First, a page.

If you start dwelling on the negative stuff, you go down this really dark rabbit hole and when you get down in that rabbit hole, it's like Alice in Wonderland. It's really hard to get out. So take it, learn from it and then move on. —Amy Van Dyken-Rouen
CHICAGO — Even before the accident, Amy Van Dyken-Rouen's message was the same.
"Enjoy every single moment, because you don't know what's around the next turn," she said.
For her, a Friday night out for dinner in June turned into a life-altering event. The six-time Olympic gold-medal swimmer crashed in an all-terrain vehicle on the way home. Her spine was severed and she was paralyzed from the waist down. Her prognosis was so bleak that doctors told her to say goodbye to her husband.
She did — but had the chance to say hello again. Surgeons saved her.
Her occasional updates on social media have been upbeat and filled mostly with good news. She is excited to face the challenge of learning how to live without use of her legs. Her enthusiasm is not an act.
"It's just who I am," said Van Dyken-Rouen, who gave the keynote speech at the U.S. Olympic Committee assembly Friday night. "I put out there exactly what's going on and exactly what I feel because you can't really make this stuff up. At least not for this long. You can make it up for a day or two, but it would get exhausting. I'm just myself and that's it."
She is back at home in Scottsdale, Arizona, nearly three months after the accident. A group of workers has made her house handicap-accessible, and she is back in the pool on a daily basis.
Her attitude is pretty much the same.
"You learn from everything that happens in your life," she said. "But also, you go, 'OK, that really sucked but I'm not going to dwell on it.' If you start dwelling on the negative stuff, you go down this really dark rabbit hole and when you get down in that rabbit hole, it's like Alice in Wonderland. It's really hard to get out. So take it, learn from it and then move on."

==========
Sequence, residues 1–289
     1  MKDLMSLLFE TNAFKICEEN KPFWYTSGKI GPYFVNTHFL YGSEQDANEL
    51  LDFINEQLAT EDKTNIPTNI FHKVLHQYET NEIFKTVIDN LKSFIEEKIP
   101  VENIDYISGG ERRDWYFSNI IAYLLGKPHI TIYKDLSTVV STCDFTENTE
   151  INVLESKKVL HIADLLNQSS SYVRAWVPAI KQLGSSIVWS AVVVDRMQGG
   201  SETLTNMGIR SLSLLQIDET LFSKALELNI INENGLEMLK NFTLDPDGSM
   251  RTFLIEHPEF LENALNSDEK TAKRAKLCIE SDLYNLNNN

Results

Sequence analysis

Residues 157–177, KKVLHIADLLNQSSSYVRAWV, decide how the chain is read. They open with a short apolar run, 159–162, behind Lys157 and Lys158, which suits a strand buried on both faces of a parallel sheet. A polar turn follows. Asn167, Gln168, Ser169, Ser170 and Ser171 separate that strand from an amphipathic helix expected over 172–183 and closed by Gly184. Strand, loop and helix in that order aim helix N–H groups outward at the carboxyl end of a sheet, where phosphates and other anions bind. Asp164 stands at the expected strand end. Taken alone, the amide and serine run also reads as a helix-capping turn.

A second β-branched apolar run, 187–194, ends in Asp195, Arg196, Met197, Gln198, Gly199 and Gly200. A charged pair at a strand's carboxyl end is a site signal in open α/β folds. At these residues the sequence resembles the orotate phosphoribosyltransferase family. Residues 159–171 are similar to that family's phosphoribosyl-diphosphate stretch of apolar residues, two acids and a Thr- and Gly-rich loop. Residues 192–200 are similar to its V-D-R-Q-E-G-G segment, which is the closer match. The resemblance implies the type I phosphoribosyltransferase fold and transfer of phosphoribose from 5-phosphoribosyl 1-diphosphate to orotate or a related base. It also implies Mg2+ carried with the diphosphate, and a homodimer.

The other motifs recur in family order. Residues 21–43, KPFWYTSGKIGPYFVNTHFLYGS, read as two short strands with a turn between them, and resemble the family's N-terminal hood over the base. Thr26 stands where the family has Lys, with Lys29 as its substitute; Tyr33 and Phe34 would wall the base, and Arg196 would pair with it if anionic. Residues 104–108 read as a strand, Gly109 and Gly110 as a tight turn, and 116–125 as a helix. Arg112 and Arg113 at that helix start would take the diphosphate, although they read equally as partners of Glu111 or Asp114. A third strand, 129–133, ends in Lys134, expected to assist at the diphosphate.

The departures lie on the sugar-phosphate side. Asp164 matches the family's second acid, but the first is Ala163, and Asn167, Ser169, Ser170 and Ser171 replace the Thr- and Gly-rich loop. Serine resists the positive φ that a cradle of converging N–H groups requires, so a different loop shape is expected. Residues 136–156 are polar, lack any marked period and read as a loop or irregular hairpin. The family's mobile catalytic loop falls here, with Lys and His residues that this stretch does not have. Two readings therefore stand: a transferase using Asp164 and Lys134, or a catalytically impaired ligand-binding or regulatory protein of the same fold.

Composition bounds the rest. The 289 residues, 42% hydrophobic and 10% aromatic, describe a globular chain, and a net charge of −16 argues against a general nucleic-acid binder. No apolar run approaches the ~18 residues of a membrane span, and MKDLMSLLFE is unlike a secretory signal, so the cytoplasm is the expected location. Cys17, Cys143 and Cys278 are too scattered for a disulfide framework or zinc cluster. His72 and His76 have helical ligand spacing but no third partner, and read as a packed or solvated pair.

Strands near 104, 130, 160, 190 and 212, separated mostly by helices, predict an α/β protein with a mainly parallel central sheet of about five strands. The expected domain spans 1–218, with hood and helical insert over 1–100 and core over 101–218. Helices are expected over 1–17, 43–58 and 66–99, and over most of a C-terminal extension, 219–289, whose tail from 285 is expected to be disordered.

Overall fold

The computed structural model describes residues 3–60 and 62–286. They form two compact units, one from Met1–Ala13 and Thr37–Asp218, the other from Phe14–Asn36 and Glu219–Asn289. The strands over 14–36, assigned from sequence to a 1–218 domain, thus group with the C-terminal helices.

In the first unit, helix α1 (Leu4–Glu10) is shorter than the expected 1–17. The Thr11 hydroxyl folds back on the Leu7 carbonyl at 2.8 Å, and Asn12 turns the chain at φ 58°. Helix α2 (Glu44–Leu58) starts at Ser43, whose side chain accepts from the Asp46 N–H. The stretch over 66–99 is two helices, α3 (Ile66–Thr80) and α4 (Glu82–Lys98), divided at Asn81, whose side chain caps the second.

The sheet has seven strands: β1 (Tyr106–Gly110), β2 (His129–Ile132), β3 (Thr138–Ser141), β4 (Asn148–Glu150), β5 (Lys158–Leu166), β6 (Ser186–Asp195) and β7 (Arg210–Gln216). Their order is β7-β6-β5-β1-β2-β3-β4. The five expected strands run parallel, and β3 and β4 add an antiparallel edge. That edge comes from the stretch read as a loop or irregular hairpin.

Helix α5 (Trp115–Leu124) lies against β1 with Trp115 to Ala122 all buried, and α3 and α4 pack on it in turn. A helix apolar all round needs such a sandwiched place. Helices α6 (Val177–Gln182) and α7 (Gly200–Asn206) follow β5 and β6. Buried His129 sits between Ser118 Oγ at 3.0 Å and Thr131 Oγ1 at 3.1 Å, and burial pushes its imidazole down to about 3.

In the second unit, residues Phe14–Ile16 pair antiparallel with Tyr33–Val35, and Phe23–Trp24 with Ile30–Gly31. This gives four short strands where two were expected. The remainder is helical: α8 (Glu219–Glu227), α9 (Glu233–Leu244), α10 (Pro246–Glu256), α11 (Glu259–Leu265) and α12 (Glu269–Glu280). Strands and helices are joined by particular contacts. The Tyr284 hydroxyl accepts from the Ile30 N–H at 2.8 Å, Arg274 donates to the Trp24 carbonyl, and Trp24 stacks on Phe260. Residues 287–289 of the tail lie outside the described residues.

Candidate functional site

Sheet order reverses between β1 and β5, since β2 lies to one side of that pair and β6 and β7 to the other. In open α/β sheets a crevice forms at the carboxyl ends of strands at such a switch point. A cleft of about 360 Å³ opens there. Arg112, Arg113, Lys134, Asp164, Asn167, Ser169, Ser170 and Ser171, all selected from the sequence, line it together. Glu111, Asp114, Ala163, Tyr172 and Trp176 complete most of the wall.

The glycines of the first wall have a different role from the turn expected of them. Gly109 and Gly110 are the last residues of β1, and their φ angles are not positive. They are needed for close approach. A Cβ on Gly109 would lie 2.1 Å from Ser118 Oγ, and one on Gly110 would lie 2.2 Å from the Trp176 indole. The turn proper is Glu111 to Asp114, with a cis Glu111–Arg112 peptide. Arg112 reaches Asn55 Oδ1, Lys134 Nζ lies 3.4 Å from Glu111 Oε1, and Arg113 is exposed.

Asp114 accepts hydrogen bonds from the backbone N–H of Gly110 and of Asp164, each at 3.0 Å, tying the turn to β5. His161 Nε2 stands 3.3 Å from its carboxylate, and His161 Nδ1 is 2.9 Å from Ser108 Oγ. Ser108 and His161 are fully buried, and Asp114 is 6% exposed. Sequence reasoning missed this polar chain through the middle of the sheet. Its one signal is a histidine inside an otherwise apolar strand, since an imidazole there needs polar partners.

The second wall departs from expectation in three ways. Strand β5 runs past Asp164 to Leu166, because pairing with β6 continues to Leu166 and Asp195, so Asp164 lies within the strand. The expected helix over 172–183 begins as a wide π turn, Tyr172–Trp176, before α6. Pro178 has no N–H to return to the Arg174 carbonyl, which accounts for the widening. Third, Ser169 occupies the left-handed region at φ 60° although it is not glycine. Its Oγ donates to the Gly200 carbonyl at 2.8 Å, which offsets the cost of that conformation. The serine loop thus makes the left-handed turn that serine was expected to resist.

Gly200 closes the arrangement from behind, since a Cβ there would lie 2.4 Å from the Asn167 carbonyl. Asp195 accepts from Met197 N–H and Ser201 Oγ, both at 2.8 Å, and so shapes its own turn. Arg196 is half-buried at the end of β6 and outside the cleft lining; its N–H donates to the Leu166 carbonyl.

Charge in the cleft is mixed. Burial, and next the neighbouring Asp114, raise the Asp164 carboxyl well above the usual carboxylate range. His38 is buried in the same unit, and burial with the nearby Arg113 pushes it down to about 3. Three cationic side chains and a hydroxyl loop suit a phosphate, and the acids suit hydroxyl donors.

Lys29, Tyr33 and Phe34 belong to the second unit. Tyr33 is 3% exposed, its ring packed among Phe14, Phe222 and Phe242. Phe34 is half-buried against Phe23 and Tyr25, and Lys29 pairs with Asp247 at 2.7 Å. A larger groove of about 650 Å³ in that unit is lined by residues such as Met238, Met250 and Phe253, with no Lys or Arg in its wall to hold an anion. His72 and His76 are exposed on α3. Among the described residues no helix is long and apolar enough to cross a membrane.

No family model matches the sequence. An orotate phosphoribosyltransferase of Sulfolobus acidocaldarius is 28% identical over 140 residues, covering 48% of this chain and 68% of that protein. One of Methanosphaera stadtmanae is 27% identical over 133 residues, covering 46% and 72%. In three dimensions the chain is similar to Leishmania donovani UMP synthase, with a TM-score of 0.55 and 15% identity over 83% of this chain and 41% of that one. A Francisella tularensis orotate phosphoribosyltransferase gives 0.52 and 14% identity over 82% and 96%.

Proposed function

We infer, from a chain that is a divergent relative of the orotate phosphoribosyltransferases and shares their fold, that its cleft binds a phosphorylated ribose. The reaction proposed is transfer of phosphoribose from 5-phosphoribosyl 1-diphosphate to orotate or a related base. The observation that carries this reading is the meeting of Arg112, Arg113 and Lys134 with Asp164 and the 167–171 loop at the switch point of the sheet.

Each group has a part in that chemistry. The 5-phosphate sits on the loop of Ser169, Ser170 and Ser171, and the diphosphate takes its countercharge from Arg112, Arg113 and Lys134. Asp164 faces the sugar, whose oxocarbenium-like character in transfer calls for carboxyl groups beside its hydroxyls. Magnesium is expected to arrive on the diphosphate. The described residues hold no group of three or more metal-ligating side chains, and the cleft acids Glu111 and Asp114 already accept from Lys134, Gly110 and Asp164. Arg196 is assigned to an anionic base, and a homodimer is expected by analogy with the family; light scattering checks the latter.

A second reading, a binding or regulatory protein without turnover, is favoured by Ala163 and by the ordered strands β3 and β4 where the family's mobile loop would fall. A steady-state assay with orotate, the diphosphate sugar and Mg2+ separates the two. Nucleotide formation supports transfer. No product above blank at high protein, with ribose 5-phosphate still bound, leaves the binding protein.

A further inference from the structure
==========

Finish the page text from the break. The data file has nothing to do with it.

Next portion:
For Van Dyken-Rouen, moving on includes starting a charity called Amy's Army, which will raise money to buy equipment for paralyzed people who see their everyday lives turned upside-down.
About a month ago, she posted pictures on Twitter of herself taking steps with the help of a walker and a bionic exoskeleton device.
All great, she said, but her real mission is to use that technology to help others.
She hasn't given up on walking under her own power again.
And since the injury, she has often been asked if the Paralympics are in her future. Since retiring after the 2000 Olympics, the 41-year-old has gotten more into triathlons, which, as luck would have it, will make their Paralympic debut in Rio de Janeiro.
"It sparked my interest," she said. "Will I do it? I'm so old, nobody wants to see this hot mess in a swimsuit anymore. So, I'm going to go with 'No.'"
But she will compete at some level.
"It's not completely over," she said. "I'm not sure you ever get that out of your system."
Follow Eddie Pells on Twitter at www.twitter.com/epells